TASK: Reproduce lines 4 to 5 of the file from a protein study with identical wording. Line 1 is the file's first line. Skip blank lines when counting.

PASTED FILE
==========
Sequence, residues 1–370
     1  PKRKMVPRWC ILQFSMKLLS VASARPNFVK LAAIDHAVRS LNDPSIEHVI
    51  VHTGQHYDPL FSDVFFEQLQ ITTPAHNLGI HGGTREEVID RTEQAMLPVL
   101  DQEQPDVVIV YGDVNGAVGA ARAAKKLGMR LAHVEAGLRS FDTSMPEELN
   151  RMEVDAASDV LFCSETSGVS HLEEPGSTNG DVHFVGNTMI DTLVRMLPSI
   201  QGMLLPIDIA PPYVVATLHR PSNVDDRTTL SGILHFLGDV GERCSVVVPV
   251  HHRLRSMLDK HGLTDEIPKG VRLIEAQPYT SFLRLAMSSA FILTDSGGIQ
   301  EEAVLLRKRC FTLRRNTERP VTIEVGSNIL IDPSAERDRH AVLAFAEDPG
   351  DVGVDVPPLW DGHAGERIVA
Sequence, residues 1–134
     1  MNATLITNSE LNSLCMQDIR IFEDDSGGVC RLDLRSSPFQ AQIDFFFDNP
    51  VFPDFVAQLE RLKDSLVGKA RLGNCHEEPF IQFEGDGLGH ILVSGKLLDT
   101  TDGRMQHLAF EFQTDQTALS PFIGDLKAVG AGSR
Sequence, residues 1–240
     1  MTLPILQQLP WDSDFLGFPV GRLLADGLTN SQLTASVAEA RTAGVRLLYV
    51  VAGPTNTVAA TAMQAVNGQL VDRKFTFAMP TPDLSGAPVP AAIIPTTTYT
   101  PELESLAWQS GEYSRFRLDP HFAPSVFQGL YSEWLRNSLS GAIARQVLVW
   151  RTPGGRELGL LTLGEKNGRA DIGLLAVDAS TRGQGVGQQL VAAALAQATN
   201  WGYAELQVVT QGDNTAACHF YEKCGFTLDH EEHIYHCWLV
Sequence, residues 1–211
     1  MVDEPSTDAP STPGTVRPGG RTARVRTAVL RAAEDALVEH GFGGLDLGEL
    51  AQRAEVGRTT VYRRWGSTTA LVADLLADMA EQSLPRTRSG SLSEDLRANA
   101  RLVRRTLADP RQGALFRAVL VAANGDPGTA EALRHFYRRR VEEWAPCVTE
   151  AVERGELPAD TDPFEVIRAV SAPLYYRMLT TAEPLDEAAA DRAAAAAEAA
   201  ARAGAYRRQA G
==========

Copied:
   101  DQEQPDVVIV YGDVNGAVGA ARAAKKLGMR LAHVEAGLRS FDTSMPEELN
   151  RMEVDAASDV LFCSETSGVS HLEEPGSTNG DVHFVGNTMI DTLVRMLPSI